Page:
Have a tailored CV and cover letter for your fundraising career. Include your educational background, training, relevant experience in data entry and management, customer relations, marketing skills and leadership experience. To really impress with your applications, tailor your CV to the specific job description and write a personalised cover letter. Recruiters can tell when they're reviewing a tailored application and are more likely to be impressed by people who took the time to submit them.

What do fundraisers do?

Fundraisers typically help organisations meet their long-term and short-term financial goals by sourcing individuals, foundations or businesses in their communities. These individuals and companies may give to support a specific cause or community updates. Fundraisers have several tasks they perform when working for non-profit organisations like charities, religious organisations, tertiary institutions, research organisations and civic groups. These tasks may involve:

  • managing and planning fundraising events and campaigns

  • sourcing for donations from diverse individuals and businesses

  • writing proposals and sending them to potential sponsors

  • developing marketing and promotional materials

  • organising fundraising events

  • maintaining relationships with donors

Types of donations

As a fundraiser, it's necessary to know different aspects about the types of donations as securing them is a major part of your job. The different donation types are:

  • Major gifts: These are the largest donations an organisation receives from a single source in one year. An organisation may determine this by looking at the number of donations they receive in a fiscal year.

  • Charitable gift annuities: This involves the transfer of cash or property to an organisation. In return, the organisation pays lump sums to the donor throughout their lifetime.

  • Corporate giving: These are donations from large corporations, which may be a one-off or continuous payment.

  • Annual campaigns: These are yearly campaigns held by an organisation as a hallmark of their fundraising efforts.

  • End of life gifts: These are donations given at the request of a late person.

Annual salary

A fundraiser's average annual salary is £23,275. This depends on the organisation, training, education, location and the industry. Understanding what each role entails can also help you decide if this is the right fit for you.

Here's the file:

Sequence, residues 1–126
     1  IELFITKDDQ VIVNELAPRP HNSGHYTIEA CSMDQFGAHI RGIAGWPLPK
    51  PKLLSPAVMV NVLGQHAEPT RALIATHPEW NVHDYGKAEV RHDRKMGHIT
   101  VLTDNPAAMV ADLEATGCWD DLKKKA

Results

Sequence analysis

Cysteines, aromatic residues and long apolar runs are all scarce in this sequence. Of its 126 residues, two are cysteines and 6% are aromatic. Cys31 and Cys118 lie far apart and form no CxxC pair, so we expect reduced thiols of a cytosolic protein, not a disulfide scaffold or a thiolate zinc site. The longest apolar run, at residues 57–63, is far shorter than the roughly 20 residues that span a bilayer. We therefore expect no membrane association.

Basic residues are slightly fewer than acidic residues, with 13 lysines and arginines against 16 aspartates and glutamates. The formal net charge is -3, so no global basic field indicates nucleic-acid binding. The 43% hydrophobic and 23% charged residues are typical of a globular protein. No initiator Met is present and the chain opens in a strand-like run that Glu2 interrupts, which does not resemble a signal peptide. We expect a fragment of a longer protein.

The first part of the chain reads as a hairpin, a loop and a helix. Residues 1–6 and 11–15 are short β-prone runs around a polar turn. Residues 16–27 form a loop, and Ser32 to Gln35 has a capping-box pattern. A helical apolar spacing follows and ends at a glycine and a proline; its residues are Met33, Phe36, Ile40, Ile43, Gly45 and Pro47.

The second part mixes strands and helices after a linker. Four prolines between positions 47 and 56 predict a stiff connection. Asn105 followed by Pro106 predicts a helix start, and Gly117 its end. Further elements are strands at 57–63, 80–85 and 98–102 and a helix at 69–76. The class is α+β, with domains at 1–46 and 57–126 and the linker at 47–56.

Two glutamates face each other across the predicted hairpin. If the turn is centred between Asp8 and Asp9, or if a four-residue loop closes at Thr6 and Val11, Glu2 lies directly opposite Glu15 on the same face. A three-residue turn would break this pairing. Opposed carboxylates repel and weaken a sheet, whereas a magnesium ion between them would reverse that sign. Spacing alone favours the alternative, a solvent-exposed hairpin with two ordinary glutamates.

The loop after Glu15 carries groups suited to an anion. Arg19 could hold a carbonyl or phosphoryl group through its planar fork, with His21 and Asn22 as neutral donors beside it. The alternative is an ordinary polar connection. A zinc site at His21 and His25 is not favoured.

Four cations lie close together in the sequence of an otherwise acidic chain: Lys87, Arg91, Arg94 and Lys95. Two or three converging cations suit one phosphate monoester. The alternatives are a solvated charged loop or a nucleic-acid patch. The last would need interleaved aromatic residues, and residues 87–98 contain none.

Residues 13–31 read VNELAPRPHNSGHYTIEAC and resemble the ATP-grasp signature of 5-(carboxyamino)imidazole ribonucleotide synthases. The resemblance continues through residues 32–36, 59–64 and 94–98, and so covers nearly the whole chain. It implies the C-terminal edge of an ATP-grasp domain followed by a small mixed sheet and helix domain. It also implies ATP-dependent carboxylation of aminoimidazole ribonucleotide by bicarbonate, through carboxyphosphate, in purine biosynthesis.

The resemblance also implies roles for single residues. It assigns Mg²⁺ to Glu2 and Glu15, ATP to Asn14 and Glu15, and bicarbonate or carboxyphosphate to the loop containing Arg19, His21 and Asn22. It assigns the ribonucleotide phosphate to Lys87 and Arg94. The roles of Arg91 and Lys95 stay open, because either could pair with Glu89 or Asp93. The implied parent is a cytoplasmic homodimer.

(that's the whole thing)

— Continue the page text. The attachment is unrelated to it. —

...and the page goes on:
Careers in fundraising

If you want to get into fundraising, there are a variety of career paths you can pursue:

1. Director of development

National average salary: £73,216 per year

Primary duties: A director of development sets financial goals, identifies grant opportunities, manages and expands their donor database, directs staff, coordinates all events and offers donor options to maximise their tax benefits. They also manage all development team members and team goals. The director of development also communicates with the board of directors on matters relating to the financial goals of the organisation.

2. Grant writer

National average salary: £33,049 per year

Primary duties: Grant writers typically conduct research and apply for grants. Typically, this includes writing, editing or proofreading grant proposals for non-profits. Besides drafting proposals and communicating with stakeholders and donors, they may do research on out-of-network foundations, corporations and agencies that may align with their cause and contact them for donations.

Related: 5 Reasons Why Writing Skills Are Essential For Every Job

3. Donor relations manager

National average salary: £28,837 per year

Primary duties: Donor relations managers or philanthropy managers typically maintain relationships with the current donors of an organisation. A donor relation manager also sources potential donors and increases the donations to an organisation. Their other job responsibilities may include creating acts of recognition or gifts for donors, managing donor databases and giving community presentations.

4. Event planner

National average salary: £24,293 per year

Primary duties: An event planner manages the events for an organisation. This ranges from lunches to roundtable events to gala dinners. Event planners typically report to the development director. Their duties may include drafting the guest list, sending invites and tracking responses, managing the budget scheduling events and researching food vendors, entertainment and local rentals.

5. Direct mail manager

National average salary: £34,355 per year

Primary duties: The direct mail manager or response manager oversees all direct mail marketing efforts of the organisation to current and prospective donors. They are detail-oriented and particular about improving processes and getting returns. A direct mail manager is usually a direct mail response copywriter who can be creative and perform data analysis.

Salary figures reflect data listed on Indeed Salaries at time of writing. Salaries may vary depending on the hiring organisation and a candidate's experience, academic background and location.